Two deaths occurred near Alpha Hut in the Tararua, in late 2016. I didn’t write about them at the time, but today Stuff published an article regarding the Coroner’s investigation.
The men were attempting to walk the standard Neill-Winchcombe circuit. It starts at Waiohine Gorge, into Cone Saddle and up to Cone (.1080). Then there’s a steep dip into Neill Saddle before climbing up to Neill (.1158), across the ridge to Winchcombe Peak (.1261), then to the junction of Mt Hector (.1529) before continuing along the main Southern Crossing route back to Alpha Hut. From there, there’s a route via Bull Mound and Cone Hut back to the starting point. Here’s a topo map of the region.
The route is a good fit trip, but it’s also very exposed to the worst sorts of conditions which the Tararua Range is capable of throwing at people. The route is notorious because there are very few good places to bail out if something goes wrong. For much of the route along the tops, the only practical directions to take are either forwards or backwards.
The two men were found about 900 metres short of Alpha Hut, sparking confusion about how they managed to get so close without reaching comparative safety.
I’ve read this article a few times, and each time I’m finding it more and more incredible about what these people were trying to do compared with how badly they seem to have been prepared. On one hand, I’m sure people have gotten away with worse than this and, hopefully, learned something. But still…..
These distances could be misleading, because the exposed ridges could be demanding and difficult, Rix said. In his opinion, the two men were not wearing adequate protection from the weather, which they may have struggled through for a while.
Neither had a maps, compass, GPS or light source.
The idea of this seems almost unfathomable to me, considering what they were attempting. Maybe they’d planned to do all their navigation with a smartphone? Maybe they’d committed the route, and everything around it, to memory?
If so, even with that single point of failure, they’d have had very limited means to know how far they’d gone and how much further they’d need to travel for comparative safety. If anyone’s confused about how neither of them managed to be motivated to continue just 900 metres further to Alpha Hut, despite the conditions and situation that might have made it extremely difficult regardless, it’s at least consistent with the possibility that they had little way of knowing how close they were anyway.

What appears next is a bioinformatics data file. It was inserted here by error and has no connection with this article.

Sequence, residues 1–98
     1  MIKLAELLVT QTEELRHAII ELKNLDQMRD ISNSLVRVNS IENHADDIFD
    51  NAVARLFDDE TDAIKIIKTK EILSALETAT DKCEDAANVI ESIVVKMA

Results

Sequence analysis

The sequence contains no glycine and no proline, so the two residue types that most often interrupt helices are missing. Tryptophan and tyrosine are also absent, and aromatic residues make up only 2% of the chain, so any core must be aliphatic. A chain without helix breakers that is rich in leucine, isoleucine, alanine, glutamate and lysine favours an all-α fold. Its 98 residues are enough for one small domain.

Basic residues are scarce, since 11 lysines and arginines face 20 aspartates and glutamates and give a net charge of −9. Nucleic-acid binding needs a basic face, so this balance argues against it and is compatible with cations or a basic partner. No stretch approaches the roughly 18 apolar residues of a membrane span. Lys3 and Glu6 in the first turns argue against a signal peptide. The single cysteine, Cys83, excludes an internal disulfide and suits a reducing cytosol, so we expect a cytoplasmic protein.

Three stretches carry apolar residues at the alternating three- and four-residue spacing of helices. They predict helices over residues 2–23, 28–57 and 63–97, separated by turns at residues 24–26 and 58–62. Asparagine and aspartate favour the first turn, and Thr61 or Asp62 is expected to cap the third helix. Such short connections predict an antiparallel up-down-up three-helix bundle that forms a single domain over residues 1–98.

And then comes the rest of the explanation.
It was apparent the pair were not well equipped for a prolonged period in the bad conditions, Matheson said.
The bravado of the pair in the photos showed they had little concern or appreciation of the risks associated with the alpine journey they were about to undertake, he said.
The article also indicates that one of them appeared to have a significant knee injury.
The terrain was steep and there was an injury on the man’s left knee – it was bruised with blood, and it looked like the man had slipped, he said.
This possibly explains how they might have gone slower than intended. Usually if someone has an injury like this, is causes both to go slow. Especially if they weren’t clothed well for the conditions, moving more slowly than intended will often result in less body heat making it easier to freeze.
There’s no mention of any portable or emergency shelter being carried by either of them. With the context of the report that probably means they weren’t carrying it.
I know people make mistakes. I don’t wish to disrespect these people who, as with everyone who dies in the mountains, must be respected as much more than merely the method by which they died. That said, this article just reads like a dump truck full of mistakes from a couple of people who seem to have attempted something they were woefully unprepared for. Ironically the chances were probably still in their favour, because the majority do get lucky, but it’s sad because too many people are still out there doing very similar things with very similar lack of preparation, and no realisation of the actual risks to which they’re subjecting themselves and sometimes others.
Please, everyone, make sure you know what you’re capable of. Get objective input about what your skills enable you to do. Learn from as many people as possible who are good at what they do, so you can contrast and compare. Look after yourselves. Sometimes well managed risk can be an acceptable thing, but taking risks without even understanding what they are seems, to me, to be both reckless and unnecessary. The Outdoor Safety Code is a good place to start.
The Tararuas, and the New Zealand outdoors, don’t need more corpses.